“memori” dengan memperkuat kemampuan untuk
mendeteksi dan berespon terhadap rangsang
yang berarti

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Model of the nicotinic acetylcholine-gated ion
channel, 3 dimensi

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• Neurons associated with this system Ach
degenerate in people with Alzheimer’s disease, a
brain disease that is usually age-related and is the
most common cause of declining intellectual
function in late life, affecting 10 to 15 % of people
age > 65, and 50 % > age 85.

• Because of the degeneration of cholinergic


neurons, this disease is associated with a
decreased amount of ACh in certain areas of the
brain and even the loss of the postsynaptic neurons
that would have responded to it.

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• These defects and those in other neurotransmitter
systems that are affected in this disease are related
to the declining language and perceptual abilities,
confusion, and memory loss that characterize
Alzheimer’s victims.

• The exact causes of this degeneration are unknown

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Biogenic Amines

• The biogenic amines are neurotransmitters that are


synthesized from amino acids and contain an amino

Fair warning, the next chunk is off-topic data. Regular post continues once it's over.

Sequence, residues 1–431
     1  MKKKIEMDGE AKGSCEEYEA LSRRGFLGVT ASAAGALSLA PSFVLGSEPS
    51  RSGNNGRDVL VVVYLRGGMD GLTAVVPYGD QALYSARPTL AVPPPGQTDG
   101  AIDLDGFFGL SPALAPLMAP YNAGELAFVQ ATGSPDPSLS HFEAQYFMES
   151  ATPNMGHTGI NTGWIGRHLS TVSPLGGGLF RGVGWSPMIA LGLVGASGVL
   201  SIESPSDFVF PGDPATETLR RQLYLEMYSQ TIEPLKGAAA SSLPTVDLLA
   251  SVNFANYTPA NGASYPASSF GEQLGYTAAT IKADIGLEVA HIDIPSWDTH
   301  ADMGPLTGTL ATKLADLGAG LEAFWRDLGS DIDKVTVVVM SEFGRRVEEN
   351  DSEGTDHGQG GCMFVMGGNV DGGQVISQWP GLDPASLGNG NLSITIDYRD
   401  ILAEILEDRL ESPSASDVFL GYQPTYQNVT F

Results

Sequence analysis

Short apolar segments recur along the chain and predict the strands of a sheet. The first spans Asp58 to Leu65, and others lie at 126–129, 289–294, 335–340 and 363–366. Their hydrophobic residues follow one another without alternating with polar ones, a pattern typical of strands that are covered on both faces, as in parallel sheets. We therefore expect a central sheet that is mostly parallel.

group (R–NH2).

• The most common biogenic amines are dopamine,


norepinephrine, serotonin, and histamine

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Peristiwa biokimia
pada ujung saraf
noradrenergik

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Catecholamines
• Synthesis and release of the catecholamines from
the presynaptic terminals are strongly modulated
by autoreceptors on the presynaptic terminals.

• After activation of the receptors on the


postsynaptic cell, the catecholamine concentration
in the synaptic cleft declines, mainly because the
catecholamine is actively transported back into the
axon terminal.

• The catecholamine neurotransmitters are also


broken down in both the extracellular fluid and the
axon terminal by enzymes such as monoamine
oxidase.

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• Monoamine oxidase inhibitors, which increase the
brain extracellular concentration of the
catecholamine neurotransmitters, are used in the
treatment of diseases such as depression, as will
be discussed in

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Dopamine

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Norepinephrine

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• The catecholamines exert a much greater influence
in the central nervous system than the number of
neurons alone, would suggest, possibly because of
their neuromodulator-like effects on postsynaptic
neurons.

• These neurotransmitters play essential roles in


states of consciousness, mood, motivation, directed
attention, movement, blood-pressure regulation, and
hormone release, all functions that will be covered
in later chapters.